- Board appointed Director Mark Burrowes offers himself as a Member elected Director.
To consider and if thought fit to pass the following as separate resolutions:
- That Timothy Boyd be appointed as Director until the end of the 2023 Annual General Meeting.
- That Scott Randall be appointed as Director until the end of the 2023 Annual General Meeting.
- That Allison Batten be appointed as Director until the end of the 2023 Annual General Meeting.
- That Mark Burrowes be appointed as Director until the end of the 2023 Annual General Meeting.
4. Amendments to the Constitution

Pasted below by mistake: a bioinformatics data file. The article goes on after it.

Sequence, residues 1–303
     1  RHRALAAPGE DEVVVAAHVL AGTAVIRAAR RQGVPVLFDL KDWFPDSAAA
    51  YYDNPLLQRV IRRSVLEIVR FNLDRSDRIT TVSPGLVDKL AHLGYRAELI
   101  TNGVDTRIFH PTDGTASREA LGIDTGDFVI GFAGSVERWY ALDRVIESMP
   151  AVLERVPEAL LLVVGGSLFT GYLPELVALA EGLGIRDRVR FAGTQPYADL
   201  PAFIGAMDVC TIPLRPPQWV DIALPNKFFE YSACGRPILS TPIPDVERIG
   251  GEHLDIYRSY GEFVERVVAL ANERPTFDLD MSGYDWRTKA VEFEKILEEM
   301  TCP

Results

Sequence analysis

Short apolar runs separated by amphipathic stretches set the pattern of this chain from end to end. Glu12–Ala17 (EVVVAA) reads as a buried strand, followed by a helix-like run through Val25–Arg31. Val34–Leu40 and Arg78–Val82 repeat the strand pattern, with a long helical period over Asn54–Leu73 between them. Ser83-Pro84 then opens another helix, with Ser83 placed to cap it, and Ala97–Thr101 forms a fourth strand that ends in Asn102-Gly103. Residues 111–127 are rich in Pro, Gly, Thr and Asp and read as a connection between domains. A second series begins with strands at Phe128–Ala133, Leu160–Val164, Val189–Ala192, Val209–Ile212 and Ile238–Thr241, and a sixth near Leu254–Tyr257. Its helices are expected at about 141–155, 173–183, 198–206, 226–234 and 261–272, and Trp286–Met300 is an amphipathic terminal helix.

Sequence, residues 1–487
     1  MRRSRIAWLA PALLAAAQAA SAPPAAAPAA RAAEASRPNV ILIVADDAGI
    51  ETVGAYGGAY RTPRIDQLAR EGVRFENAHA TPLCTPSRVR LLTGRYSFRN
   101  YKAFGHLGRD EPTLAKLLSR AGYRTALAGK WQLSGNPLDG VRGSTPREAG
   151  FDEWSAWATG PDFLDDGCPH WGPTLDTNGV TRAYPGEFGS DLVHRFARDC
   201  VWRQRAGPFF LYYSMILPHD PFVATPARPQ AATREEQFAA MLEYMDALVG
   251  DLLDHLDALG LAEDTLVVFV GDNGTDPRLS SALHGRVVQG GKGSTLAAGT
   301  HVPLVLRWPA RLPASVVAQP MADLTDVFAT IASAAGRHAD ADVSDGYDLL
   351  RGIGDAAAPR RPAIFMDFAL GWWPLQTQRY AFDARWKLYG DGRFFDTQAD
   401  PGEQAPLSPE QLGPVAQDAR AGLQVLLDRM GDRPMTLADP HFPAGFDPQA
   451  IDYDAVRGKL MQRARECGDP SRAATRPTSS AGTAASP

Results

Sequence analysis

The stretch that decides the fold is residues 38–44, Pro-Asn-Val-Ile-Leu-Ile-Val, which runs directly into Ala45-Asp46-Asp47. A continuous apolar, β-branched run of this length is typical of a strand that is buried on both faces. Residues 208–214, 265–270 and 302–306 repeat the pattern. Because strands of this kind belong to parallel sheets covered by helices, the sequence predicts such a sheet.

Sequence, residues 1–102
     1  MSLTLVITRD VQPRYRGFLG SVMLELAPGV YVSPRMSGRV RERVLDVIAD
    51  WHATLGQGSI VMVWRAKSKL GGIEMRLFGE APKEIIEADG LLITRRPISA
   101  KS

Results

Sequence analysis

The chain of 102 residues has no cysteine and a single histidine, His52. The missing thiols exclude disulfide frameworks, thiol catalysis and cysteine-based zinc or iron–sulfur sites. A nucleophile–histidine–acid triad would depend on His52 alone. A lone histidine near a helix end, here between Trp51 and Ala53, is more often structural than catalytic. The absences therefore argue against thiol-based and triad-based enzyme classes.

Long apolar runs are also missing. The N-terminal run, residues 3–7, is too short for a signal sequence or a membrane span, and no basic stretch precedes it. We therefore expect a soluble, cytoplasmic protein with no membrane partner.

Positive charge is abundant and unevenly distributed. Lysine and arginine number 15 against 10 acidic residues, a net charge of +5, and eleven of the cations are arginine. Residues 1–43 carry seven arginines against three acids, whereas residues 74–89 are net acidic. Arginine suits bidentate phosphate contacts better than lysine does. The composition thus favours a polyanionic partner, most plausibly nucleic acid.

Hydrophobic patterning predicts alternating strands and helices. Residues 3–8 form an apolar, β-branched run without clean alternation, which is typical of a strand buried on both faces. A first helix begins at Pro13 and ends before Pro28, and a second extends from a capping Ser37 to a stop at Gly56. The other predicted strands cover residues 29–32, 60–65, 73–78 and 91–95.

To consider and, if thought fit, to pass the following as a special resolution:
That the Constitution tabled at the Meeting and signed by the Chair of the Meeting for the purposes of identification, be approved and adopted as the Constitution of the Bank in place of the current Constitution, with effect from the close of the Meeting.
Note: The differences between the Bank’s proposed new Constitution and its existing Constitution are described in the Explanatory Notes attached to this Notice. A copy of the proposed new Constitution is available here. Alternatively, Members may request a copy by contacting the Bank by emailing firstname.lastname@example.org or by calling 1300 361 555.
Voting by Proxy
If you are unable to attend the virtual meeting and wish to vote, you may appoint a proxy to participate in and vote at the meeting on your behalf by completing and lodging a proxy form. Your proxy does not have to be a member of Geelong Bank.